Willis out of Weddell civil rights suit

RENO - A federal lawsuit against Carson City Justice of the Peace Robey Willis was dismissed Thursday in U.S. District Court.

Carson City Deputy District Attorney Mark Forsberg said Judge Howard McKibben ruled Willis was immune from a lawsuit because his actions fell within his duties as a judge.

"(Willis) refused to file a criminal complaint drafted by Weddell against John and James Bustamonte," Forsberg said. "The only real claim in the civil rights case had to do with Robey's refusal to handle the complaint or have it filed."

McKibben said there was nothing in the case that would eliminate Willis' immunity, Forsberg said.

"Everything the judge did was part of his judicial function," he said. "Immunity is absolute. Judges have to be free of threats of litigation for their decisions."

Willis said he was pleased to be out of the federal lawsuit.

"I'm happy that part is over with," he said. "Judge McKibben obviously followed the law. They had a route to take it up to district court. Instead they decided to sue me."

Willis said if Weddell is successful in his effort to get a grand jury investigation, he will give the same evidence.

"I'll be happy to go up to the grand jury and tell them the same things I told Howard McKibben," he said.

Weddell said he was not surprised by McKibben's ruling in the case.

"It doesn't come as any real surprise to me," he said. "We, as lay people, have a very difficult time protecting ourselves from the government. If you look at all of the cases that have been brought against Carson City, what happens is that it basically in my view these government officials just protect one another."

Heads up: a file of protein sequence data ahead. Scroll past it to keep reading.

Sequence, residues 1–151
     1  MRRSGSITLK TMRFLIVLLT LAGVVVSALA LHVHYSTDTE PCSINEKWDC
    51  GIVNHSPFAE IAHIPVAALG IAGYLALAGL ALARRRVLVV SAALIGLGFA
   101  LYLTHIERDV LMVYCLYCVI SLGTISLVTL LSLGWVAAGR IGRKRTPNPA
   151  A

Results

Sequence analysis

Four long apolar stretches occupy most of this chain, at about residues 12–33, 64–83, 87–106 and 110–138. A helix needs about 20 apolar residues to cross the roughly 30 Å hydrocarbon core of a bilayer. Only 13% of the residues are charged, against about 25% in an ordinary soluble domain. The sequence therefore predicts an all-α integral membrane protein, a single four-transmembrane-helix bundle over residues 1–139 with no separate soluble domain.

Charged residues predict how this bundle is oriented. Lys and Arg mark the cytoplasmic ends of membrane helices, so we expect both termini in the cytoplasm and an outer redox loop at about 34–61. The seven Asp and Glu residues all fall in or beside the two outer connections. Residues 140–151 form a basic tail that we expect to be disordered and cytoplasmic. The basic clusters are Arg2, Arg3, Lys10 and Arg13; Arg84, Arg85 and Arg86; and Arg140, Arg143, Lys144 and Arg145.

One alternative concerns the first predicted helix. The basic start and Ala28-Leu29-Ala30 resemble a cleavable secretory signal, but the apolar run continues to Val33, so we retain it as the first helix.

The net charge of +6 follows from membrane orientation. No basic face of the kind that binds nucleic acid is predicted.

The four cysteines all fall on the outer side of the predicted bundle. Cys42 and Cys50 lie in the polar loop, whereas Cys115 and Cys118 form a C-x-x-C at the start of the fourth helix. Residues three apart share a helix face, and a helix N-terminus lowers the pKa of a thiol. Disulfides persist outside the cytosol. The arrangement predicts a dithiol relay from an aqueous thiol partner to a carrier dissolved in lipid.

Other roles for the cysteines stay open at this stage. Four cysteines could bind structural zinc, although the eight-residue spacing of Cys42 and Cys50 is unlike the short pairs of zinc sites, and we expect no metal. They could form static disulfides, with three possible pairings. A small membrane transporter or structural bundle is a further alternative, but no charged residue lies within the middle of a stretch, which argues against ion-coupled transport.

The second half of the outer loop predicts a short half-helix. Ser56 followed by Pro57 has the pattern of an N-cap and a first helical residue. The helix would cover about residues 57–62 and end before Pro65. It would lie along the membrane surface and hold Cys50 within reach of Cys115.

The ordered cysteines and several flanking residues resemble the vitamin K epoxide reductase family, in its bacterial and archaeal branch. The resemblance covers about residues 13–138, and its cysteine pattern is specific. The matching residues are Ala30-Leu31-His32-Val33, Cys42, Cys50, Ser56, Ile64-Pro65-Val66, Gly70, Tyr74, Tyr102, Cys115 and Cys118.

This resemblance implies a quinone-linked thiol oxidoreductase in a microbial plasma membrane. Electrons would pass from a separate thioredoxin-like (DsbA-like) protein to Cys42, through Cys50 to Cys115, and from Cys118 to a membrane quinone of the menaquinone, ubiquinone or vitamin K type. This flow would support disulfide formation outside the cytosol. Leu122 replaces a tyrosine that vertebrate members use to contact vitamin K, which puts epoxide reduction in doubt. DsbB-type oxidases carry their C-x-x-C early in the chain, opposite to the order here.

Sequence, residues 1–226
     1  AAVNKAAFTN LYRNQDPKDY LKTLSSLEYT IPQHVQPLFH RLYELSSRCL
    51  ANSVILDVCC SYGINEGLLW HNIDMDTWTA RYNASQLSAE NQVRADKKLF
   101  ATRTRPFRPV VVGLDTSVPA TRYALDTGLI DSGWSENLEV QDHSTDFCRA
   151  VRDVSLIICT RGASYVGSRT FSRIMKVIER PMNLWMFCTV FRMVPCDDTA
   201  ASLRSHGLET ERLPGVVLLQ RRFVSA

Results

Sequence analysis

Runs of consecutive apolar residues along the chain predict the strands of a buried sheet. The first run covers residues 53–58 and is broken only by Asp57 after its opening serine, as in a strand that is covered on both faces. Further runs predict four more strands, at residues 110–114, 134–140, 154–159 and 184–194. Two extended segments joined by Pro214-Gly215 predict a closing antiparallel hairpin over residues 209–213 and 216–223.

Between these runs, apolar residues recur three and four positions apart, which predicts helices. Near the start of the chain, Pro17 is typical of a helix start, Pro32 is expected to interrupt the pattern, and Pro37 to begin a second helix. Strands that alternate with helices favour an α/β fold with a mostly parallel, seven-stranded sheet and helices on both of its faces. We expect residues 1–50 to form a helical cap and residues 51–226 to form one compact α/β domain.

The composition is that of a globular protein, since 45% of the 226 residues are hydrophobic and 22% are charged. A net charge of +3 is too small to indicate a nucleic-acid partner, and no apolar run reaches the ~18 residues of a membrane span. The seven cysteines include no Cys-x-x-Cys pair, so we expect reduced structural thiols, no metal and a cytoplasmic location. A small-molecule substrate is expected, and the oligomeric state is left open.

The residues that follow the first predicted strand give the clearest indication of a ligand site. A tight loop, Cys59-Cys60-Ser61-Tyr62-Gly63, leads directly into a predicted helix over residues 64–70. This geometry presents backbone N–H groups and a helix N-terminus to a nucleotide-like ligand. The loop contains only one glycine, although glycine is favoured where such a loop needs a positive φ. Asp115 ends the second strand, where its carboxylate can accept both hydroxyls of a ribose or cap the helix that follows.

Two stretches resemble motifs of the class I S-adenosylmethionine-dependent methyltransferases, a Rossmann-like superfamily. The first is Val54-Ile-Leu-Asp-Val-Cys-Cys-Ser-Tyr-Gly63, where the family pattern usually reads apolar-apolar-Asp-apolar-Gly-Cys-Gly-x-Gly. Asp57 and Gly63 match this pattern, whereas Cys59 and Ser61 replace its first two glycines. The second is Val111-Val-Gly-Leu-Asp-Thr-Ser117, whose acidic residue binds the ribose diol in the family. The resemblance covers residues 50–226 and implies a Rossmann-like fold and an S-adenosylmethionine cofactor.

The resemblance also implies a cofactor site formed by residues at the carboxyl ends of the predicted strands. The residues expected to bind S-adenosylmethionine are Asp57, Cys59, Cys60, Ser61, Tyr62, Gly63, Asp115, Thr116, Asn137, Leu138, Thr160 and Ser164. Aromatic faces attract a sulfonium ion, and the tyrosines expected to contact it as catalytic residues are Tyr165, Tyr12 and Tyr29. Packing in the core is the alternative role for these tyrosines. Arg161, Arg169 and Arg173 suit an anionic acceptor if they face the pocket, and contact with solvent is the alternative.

Weddell said he and his attorney discussed the possibility that the case against Willis would be dismissed before Thursday's hearing and that there may be an appeal.

"We discussed the possibility of this happening and I've thought about appealing it," he said.

The Carson City businessman filed his federal lawsuit Oct. 19, 1999, against Willis, Sheriff Rod Banister, Deputy District Attorney Anne Langer and six sheriff's deputies, as well as the Bustamonte brothers.

Willis was named in the case after Weddell attempted in February 1998 to file a criminal complaint against the Bustamontes in Carson City Justice Court. According to the federal complaint, Willis refused to allow Weddell's complaint to be filed.

The issue began Oct. 16, 1997, when Jamie Bustamonte allegedly tried to run over one of Weddell's employees in his Carson City construction yard, yelling for Weddell's daughter Kellie, who was said to owe him money for drugs.

The next day, Weddell reported to a Carson City sheriff's dispatcher that he had attempted to make a citizen's arrest of Jamie Bustamonte on Scotch Pine Drive. Weddell fired four rounds from a Glock 9-mm automatic pistol as Bustamonte ran away and Weddell was arrested. Bustamonte has never been charged in the attempted assault.

Judge Michael Fondi dismissed the charge against Weddell June 24, 1999, saying that under Nevada law, a citizen may use deadly force in making a citizen's arrest for a suspected felony.

Fondi's dismissal is under appeal by the Carson City District Attorney's Office to the Nevada Supreme Court.

Forsberg said the rest of the defendants in the lawsuit are still involved.

"All of the rest of the defendants are still in the case and all have motions pending, and those are working way through system," he said. "I would expect a hearing would be set in the next couple of months."

Weddell is confident the lawsuit has merit and that a grand jury will be impaneled.

"Our lawsuit is a good lawsuit," he said.

Weddell said enough signatures have been collected and that his group will present the petition to Fondi's successor when he is named. Fondi retired Aug. 11 after 23 years on the bench.

"We're all done," he said. "We're waiting for a new judge to be appointed so we can take it over to them."


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